15% become INSANE; those who are NOT pure enough but try to be in touch with the Cosmic Force come to grief. Many people ruin themselves that way. If we want to pass a high voltage of electricity through a weak wire, what will happen? We shall blow a fuse, and so there is great need for the practice of purity.

“Five percent of those who start spiritual life and steadily purify themselves moves towards the goal. One should learn the secret of keeping oneself perfectly under control.” (pgs. 28-29, Adventures of Spiritual Seekers by Swami Yatiswarananda)


HYPOCRISY in the garb of religion is CRIME.” (pg. 273, Voice of the Himalayas by Swami Sivananda)

“Hypocrisy, arrogance, self-conceit, anger and also harshness and ignorance, belong to one who is born in a demoniacal state, O Arjuna!” [Gita 16:04]

Commentary on Gita 16:04 by Swami Sivananda: “Religious hypocrisy is the WORST form. Hypocrisy is a mixture of deceit and falsehood. Asuras are those who have waged war and who are still waging war with the gods in heaven. Those who are endowed with Asuric tendencies or evil qualities are Asuras or demons. They exist in abundance in this Iron Age.” (pg. 426, The Bhagavad Gita by Swami Sivananda [South African Edition])

Mata Amritanandamayi: “…it may happen that a spiritual person learns to hide his ego and PRETENDS to be very humble…. acts and behaves like a spiritually mature person… A person who wears the FALSE mask of a spiritually advanced person does not know what terrible HARM he is doing. He is MISLEADING others, and also paving the way for his OWN destruction. (pgs. 185, 186, 187, 188, Awaken, Children Vol. 7)

Srila Prabhupada: “There are many pretenders… such pretenders may also speak on dry philosophy in order to bluff sophisticated followers… But he who makes a show… is the greatest cheat, even though he sometimes speaks of philosophy. (Commentary on Gita 3:6)

Gita 3:6. “He who, restraining the organs of action, sits thinking of the sense-objects in mind, he, of deluded understanding, is called a hypocrite.” (Swami Sivananda Bhagavad Gita)

Commentary on Gita 3:6 by Swami Sivananda: “He who, restraining these organs, sits revolving in his mind thoughts regarding the objects of the senses, is a man of sinful conduct. He is self-deluded. He is a veritable hypocrite.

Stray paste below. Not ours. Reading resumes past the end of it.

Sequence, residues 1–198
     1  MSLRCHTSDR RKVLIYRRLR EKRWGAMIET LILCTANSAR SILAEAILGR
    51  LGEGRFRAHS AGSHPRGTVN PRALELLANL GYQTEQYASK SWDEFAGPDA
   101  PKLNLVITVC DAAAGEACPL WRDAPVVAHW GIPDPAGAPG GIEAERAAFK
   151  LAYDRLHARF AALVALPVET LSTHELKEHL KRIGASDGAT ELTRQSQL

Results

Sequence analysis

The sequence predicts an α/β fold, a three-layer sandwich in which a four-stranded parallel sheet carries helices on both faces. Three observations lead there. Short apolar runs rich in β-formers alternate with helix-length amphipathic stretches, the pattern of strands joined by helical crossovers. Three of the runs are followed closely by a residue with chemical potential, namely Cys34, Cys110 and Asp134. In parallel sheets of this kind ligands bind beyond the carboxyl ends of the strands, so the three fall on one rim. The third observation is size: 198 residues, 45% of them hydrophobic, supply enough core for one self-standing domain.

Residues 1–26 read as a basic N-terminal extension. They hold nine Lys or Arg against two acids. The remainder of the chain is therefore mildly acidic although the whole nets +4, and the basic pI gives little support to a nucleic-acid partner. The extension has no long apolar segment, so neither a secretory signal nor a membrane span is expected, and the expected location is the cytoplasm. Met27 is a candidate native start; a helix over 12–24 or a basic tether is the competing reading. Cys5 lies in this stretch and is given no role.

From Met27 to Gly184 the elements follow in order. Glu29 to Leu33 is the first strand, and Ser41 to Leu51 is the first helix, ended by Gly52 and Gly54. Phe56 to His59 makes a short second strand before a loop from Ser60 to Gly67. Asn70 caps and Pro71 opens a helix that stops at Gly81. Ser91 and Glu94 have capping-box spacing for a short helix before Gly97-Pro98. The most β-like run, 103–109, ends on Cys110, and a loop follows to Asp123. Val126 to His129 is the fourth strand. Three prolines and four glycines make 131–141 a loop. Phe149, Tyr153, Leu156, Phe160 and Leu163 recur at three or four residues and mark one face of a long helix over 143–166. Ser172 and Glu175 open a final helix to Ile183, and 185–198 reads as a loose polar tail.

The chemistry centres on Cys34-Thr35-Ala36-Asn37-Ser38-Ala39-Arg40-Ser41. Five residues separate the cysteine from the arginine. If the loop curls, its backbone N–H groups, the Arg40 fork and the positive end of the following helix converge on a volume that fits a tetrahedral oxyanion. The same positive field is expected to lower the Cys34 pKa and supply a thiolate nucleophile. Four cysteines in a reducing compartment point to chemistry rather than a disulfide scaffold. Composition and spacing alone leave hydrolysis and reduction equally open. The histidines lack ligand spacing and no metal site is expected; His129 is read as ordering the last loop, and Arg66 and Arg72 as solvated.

Mata Amritanandamayi: “This is not an easy path, and there is pain involved….Faith and self-surrender Have become limited to words. More speaking and less doing is the policy of the modern age, and the tendencies of the mind are stronger than before. No one wants to be disciplined. Everyone wants to keep their ego, it is so precious to them. People think that the ego is an embellishment; it is not considered to be a burden anymore. People do not feel the heaviness of their ego. They feel comfortable inside its small, hard shell. They feel afraid and insecure to come out of it. They think that they are well protected where they are. For them, what lies beyond the shell of their ego is frightening, it is unknown, and therefore, unsafe…

“Surrendering to a Master is not easy. It needs courage. It is like jumping into a flowing river. The Master is the flowing river. Once you jump in, the current will inexorably take you to the sea. There is no escape. You may struggle and try to swim against the current, but the river is so strong that it is bound to take you to the ocean — to God or the Self —that is your real dwelling place. To jump in is to surrender. It needs a courageous mind, because it can be compared to the death of your body and mind.

“You may not take the plunge now, because you are not yet ready to jump into the Deep waters of the river. For the time being, you may want to remain standing on the river bank enjoying the beauty of the river. You may want to enjoy the cool gentle breeze, the constant chatter of the running water, the power and charm of the river. That is fine. The river is not going to force you to jump in, and you can stand there for as long as you like, because it won’t send you away. It is not going to say, ‘Enough is enough! Go away! There is a long waiting list!’ Nor is it going to say, ‘Okay the time has come! You either jump into me right now, or I will force you!’ No, nothing of the sort. It is all up to you. You can either jump in or stay on the shore. The river is simply there. It is always willing to accept and to cleanse you.

“The river of the Master does not have an ego. It does not think, ‘I am flowing, I am powerful and beautiful. I have the power to take you to the ocean. In fact, I am the ocean. See how many people bathe and swim in me, and how they find delight in me!’ No, the river of the Master has no such feelings. It just flows because its nature is to do so.